A new type of polymer nano electrode could make brain implants, including those used to treat severe cases of Parkinson’s, far safer, and it could also make attempts to restore vision and movement with direct brain-machine interfaces more feasible. , professor of neuroscience at New York University, and researchers at MIT have developed a nanowire electrode just 600 nanometers wide that can send and receive signals to the brain.
The electrode developed by Llinas and coworkers is so small that it could be inserted through an artery, perhaps in the arm or groin, and threaded up to the brain. Because the electrode is a small fraction of the size of a red-blood cell and flexible, it can be snaked through the smallest blood vessels, getting close enough to neurons deep in the brain to detect and deliver electrical signals.
[Click here for images of the electrode in blood vessels.]
One current treatment for severe cases of Parkinson’s, called deep brain stimulation, involves implanting electrodes that deliver high-frequency electrical pulses which shut down parts of the brain responsible for the disease’s symptoms (see “Brain Pacemakers”). Such treatments, however, are risky and expensive, in part, because they require that a patient’s skull be opened to surgically insert electrodes into brain tissue.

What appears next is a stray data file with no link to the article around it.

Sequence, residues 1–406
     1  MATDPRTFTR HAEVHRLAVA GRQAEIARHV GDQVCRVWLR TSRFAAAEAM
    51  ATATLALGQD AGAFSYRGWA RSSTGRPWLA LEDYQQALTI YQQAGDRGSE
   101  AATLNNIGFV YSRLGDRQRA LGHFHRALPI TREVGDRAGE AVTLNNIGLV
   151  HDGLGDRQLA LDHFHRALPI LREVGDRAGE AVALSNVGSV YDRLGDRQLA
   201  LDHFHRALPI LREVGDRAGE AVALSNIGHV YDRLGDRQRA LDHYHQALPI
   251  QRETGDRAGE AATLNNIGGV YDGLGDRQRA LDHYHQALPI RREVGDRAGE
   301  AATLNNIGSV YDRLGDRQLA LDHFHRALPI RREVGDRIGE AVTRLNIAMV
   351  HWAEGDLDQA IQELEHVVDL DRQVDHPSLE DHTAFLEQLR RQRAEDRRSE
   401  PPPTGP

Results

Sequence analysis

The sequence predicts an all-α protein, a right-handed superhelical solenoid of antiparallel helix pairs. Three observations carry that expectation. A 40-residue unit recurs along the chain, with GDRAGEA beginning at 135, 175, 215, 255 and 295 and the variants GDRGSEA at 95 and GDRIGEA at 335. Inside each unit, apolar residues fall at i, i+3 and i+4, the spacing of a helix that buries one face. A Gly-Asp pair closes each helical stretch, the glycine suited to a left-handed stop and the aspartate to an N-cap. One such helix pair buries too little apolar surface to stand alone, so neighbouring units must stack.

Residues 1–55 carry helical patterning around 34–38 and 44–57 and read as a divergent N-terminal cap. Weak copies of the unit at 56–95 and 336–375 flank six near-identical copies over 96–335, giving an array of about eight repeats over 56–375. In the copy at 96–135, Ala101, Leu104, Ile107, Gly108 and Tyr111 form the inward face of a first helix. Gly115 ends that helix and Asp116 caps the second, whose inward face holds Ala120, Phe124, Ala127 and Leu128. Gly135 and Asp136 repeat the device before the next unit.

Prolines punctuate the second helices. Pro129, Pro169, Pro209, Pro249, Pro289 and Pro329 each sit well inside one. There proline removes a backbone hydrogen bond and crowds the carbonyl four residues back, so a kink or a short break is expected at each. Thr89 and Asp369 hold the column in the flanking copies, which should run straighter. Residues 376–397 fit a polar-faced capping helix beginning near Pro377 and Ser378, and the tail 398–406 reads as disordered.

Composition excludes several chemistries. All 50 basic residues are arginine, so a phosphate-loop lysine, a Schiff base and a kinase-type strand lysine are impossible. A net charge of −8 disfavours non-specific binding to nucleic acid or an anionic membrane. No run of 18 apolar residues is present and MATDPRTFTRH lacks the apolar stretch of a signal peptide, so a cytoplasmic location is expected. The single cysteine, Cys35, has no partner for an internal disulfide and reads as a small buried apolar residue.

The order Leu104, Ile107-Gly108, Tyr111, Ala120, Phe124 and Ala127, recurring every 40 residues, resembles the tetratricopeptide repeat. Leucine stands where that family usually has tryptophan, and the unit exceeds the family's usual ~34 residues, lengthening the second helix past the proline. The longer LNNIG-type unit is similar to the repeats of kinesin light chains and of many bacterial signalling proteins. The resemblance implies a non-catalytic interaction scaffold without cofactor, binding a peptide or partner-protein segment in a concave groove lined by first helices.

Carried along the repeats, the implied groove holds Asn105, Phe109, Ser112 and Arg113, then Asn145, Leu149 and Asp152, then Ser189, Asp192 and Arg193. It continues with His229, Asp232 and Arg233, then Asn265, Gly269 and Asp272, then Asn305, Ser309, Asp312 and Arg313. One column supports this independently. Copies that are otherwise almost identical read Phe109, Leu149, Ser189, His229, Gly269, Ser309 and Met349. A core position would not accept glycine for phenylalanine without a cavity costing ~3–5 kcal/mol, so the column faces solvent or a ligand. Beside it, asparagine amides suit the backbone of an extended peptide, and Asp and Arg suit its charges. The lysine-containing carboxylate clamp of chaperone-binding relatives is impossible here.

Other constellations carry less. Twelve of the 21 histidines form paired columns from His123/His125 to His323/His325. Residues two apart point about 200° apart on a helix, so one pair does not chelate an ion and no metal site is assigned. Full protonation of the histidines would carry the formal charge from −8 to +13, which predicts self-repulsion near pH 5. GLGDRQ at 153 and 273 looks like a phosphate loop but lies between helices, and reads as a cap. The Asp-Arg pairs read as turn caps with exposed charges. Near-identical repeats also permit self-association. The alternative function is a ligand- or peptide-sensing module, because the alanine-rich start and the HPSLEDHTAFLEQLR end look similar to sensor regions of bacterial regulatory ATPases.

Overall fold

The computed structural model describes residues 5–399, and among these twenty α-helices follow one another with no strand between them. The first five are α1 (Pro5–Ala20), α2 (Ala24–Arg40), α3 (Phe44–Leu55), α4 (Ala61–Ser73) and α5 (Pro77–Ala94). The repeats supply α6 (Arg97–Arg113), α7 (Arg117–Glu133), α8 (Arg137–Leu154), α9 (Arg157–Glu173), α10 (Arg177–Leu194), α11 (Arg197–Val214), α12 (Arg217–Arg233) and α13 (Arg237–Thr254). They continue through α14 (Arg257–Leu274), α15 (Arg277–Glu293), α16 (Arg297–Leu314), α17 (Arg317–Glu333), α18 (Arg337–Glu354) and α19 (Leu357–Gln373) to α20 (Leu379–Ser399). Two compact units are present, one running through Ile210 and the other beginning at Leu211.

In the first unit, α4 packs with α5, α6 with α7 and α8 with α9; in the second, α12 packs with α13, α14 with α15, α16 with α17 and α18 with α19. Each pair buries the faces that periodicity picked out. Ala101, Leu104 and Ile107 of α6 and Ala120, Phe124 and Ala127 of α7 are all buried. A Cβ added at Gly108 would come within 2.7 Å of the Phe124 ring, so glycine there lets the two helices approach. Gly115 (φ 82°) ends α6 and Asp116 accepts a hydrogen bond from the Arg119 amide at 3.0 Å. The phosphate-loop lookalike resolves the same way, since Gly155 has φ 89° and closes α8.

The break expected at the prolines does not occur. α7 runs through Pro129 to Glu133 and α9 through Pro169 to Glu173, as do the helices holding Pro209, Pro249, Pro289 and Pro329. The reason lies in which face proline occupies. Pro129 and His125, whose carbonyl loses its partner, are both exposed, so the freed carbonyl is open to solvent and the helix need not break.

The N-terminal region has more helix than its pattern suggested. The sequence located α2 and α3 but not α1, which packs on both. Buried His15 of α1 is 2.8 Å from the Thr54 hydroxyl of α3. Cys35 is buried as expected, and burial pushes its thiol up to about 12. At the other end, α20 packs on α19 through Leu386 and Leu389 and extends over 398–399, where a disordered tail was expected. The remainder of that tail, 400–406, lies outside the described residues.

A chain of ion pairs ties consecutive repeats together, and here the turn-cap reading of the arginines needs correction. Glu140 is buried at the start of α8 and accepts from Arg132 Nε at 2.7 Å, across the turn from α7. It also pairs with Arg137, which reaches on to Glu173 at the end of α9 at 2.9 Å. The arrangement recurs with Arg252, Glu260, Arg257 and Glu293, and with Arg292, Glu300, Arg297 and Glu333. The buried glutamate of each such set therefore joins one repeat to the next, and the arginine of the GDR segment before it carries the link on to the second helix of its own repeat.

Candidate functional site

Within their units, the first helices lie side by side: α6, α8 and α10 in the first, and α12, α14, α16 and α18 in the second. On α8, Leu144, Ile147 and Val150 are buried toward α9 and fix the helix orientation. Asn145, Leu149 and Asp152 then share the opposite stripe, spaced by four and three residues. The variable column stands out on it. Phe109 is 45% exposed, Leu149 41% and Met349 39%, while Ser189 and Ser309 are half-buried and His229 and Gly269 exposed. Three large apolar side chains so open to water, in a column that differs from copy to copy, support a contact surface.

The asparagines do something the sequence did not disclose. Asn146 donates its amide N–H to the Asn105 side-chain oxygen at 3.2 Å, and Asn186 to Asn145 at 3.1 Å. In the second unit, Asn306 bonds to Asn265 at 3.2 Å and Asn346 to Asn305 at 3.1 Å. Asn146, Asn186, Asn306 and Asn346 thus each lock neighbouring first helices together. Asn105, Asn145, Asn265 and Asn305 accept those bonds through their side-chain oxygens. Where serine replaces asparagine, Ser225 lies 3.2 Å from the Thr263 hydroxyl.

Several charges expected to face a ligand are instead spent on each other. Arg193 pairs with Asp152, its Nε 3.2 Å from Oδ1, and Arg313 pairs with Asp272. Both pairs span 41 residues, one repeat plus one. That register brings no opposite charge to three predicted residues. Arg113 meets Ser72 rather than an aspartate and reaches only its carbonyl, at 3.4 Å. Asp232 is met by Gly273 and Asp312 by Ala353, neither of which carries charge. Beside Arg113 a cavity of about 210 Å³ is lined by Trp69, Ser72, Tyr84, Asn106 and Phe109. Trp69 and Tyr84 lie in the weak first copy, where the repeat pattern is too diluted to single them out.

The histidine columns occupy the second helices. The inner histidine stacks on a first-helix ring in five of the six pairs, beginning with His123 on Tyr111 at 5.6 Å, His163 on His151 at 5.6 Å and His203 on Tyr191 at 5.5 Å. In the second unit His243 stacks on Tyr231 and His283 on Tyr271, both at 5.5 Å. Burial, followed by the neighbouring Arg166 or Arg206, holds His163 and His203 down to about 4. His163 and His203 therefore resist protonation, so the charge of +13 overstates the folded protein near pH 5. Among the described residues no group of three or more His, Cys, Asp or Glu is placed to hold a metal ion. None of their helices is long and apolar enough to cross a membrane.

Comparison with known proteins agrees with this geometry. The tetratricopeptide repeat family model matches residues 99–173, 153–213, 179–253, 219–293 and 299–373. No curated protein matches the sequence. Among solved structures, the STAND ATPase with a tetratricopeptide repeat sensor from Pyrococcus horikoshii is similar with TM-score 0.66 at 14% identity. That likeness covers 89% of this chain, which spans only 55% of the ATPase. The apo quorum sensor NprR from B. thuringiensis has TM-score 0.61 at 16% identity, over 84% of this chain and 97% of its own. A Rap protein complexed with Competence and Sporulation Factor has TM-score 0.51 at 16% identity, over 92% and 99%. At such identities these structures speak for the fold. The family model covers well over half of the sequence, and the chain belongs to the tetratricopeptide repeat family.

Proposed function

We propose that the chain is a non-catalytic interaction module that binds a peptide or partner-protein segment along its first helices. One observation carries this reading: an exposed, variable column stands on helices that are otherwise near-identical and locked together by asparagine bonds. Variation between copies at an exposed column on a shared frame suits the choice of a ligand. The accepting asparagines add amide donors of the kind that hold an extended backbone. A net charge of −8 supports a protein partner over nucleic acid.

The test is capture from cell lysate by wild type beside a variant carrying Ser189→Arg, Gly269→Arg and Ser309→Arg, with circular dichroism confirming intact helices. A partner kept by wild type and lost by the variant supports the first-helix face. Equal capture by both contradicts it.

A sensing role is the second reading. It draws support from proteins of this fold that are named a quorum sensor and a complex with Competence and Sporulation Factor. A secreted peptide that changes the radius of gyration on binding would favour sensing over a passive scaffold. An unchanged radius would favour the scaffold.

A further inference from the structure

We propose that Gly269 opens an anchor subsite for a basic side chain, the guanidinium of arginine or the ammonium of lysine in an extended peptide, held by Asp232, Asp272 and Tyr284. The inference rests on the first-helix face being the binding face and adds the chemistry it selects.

The conventional electrodes, which now measure in millimeters, can also damage blood vessels in the brain, says Joseph Pancrazio, program director for neural engineering projects at the National Institute of Neurological Disorders and Stroke (NINDS), one of the National Institutes of Health. “By taking advantage of the nanodimensions to thread the electrodes through the vasculature, you may reduce the risk of stroke,” he says. “This is a completely out-of-the box way to think about enabling deep-brain stimulation. I think there may be payoffs in terms of safety, efficacy, robustness, and biocompatibility. It certainly is an area that we need to look at seriously.”
“Not having to open the skull would be a clear benefit over what we’re now doing,” says , neurologist at the UCLA Medical School, who says thousands of Parkinson’s patients have undergone the deep brain stimulation procedures.
John Heiss, a neurosurgeon at NINDS, cautions that it will first be necessary to demonstrate that the nanowires do not cause complications, such as blood clots. He also notes that, although the head would not need to be opened, such a procedure would still require some invasive surgery. Heiss says, however, that if the procedure proves to be safe, it could make deep brain stimulation a more attractive alternative at earlier stages of Parkinson’s.